The words of LaVell Edwards. Not much has changed in 17 years.
What I want to talk about today are
dreams and opportunities.
All of us dream about the great accomplishments we want to
achieve in our lives. I have spent my life with young athletes
and I can tell you that dreams are the fuel that drives them to
excel. Now, there are dreams and there are fantasies. A dream
can come true; a fantasy can't. The difference is opportunity.
The problem with the Bowl Championship Series is that it
prevents student athletes at 54 universities from achieving the
dream of ending the season ranked number one. Being a national
champion is only a fantasy for these players. That is because
the BCS is stacked in favor of teams from their six-conference
alliance who alone can play in the national championship game
at a predetermined bowl game site. In fact, players from those
54 non-BCS schools are the only college football players who
can't compete for a national championship. Every other division
in college football allow and offer their players the
opportunity to compete for a national championship.
Mr. Chairman, the BCS system not only disadvantages some
players' ability to compete, but also negatively impacts all
bowl games. In addition, it creates a two-tiered recruiting
system, as well as an unfair imbalance between universities in
terms of revenue derived from football.
The national champion selection has altered greatly since
1984, the year that we won the national championship. Under
today's BCS scheme, that 1984 BYU team couldn't have played in
the title game. The system wouldn't have allowed it to happen.
Mr. Chairman, my fear is that if the BCS system continues,
the gap between the elite college football programs and the
rest of Division I-A football will continue to widen and many
universities will be forced to drop or alter their programs
I have talked today about the national championship game,
but another consequence of the BCS setup is a negative ripple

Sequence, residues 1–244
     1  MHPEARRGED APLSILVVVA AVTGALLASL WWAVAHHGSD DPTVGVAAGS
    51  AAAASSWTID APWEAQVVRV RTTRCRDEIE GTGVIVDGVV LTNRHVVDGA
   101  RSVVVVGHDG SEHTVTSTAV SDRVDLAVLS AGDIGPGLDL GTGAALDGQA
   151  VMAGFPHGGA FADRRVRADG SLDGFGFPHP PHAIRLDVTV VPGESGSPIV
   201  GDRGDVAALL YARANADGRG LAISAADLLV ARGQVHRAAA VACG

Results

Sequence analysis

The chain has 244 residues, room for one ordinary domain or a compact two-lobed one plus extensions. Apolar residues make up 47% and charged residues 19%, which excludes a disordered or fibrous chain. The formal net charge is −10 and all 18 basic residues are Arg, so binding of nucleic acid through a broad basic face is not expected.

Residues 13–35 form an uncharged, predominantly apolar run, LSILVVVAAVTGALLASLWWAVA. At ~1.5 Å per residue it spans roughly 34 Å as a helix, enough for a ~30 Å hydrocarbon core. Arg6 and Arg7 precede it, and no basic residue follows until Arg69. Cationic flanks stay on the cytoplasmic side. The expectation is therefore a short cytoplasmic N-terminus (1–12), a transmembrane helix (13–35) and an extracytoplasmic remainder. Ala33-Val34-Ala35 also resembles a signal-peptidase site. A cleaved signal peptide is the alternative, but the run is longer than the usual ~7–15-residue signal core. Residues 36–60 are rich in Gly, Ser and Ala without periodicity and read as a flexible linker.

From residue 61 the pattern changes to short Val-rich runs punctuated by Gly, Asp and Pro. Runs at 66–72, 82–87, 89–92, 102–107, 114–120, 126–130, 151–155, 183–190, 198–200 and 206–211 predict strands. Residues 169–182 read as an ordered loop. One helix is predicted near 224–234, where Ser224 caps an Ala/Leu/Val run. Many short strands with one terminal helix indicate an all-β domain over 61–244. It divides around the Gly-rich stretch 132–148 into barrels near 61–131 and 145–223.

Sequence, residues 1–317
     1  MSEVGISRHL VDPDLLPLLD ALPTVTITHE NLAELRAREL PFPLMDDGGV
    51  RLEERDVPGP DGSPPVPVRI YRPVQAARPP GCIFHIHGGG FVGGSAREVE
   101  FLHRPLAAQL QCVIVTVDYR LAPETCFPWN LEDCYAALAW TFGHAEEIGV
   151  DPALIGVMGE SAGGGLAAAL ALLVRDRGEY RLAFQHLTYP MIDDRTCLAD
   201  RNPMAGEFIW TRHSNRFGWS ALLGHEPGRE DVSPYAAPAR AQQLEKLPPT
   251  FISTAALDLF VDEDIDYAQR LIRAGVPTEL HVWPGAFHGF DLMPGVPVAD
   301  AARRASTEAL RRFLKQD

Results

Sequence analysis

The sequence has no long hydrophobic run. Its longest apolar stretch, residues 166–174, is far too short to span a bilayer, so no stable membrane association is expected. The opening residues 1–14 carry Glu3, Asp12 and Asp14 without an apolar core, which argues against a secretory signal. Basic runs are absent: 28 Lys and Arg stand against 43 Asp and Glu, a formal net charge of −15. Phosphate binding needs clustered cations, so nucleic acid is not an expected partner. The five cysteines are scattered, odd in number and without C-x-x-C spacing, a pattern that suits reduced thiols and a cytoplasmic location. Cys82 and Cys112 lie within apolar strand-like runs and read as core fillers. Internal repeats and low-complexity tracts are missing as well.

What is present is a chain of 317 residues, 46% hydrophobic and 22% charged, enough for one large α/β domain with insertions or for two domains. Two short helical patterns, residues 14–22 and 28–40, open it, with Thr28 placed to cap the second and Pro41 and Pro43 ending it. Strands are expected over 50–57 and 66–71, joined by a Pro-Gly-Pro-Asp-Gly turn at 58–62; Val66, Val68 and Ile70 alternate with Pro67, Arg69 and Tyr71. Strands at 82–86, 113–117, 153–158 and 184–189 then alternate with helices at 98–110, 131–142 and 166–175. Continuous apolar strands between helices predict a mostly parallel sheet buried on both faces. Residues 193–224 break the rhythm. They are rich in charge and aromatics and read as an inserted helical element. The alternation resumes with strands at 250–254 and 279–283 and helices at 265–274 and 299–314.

effect it causes for the rest of the bowl games. After locking
up the top four games, teams from non-BCS schools are shut out
from the next level of bowl games. The organizers of those bowl
games extend invitations to second, third, fourth, fifth,
whatever place in those alliance conferences, bumping the rest
of us from the opportunity of playing in some of these games.
Mr. Chairman, teams from the six conferences use a stacked
deck to their advantage, namely in recruiting, what some will
argue is the most important component of winning teams. At BYU,
a traditional recruiting hurdle was encountering PAC-Ten
coaches who would tell kids if they attended BYU, they would
never play in the Rose Bowl. Well, that was difficult enough to
After the formation of the 1996 Bowl Alliance, the
recruiting hurdle was set even higher. With the BCS in place,
PAC-Ten coaches and others could and would tell players not
only couldn't they play in the Rose Bowl, but they couldn't or
wouldn't play for a national championship game if they were to
choose to enroll at school in Provo, and they were right.
Mr. Chairman, over the past 20 years, parity has come into
college football because of fewer scholarships that are offered
annually. Many in the university community agree reducing the
number of scholarships per team has been good for the game.
Why, then, would the NCAA sanction a post-season system that
congregates more power and revenue in fewer teams? It is
inconsistent and counterintuitive.
The BCS system is not good for the game and it is not good
for higher education. Surely the NCAA and Division I-A football
can join the other 22 intercollegiate sports and devise a
system that determines a true champion, preserves the integrity
of the game, and levels the playing field.
Mr. Chairman, members of the Committee, right now,
teachers, counselors, parents across the country are telling
young men and women that if they work hard, commit themselves,
and never lose sight of goals and dreams, they, too, can become
a U.S. Senator. Every person in our country has that
opportunity to turn dreams into a reality. It is the reason
each of you is here today. The reason I am here is that because
of this flawed BCS system, talented young athletes are denied
an opportunity to make their dreams come true, and I believe it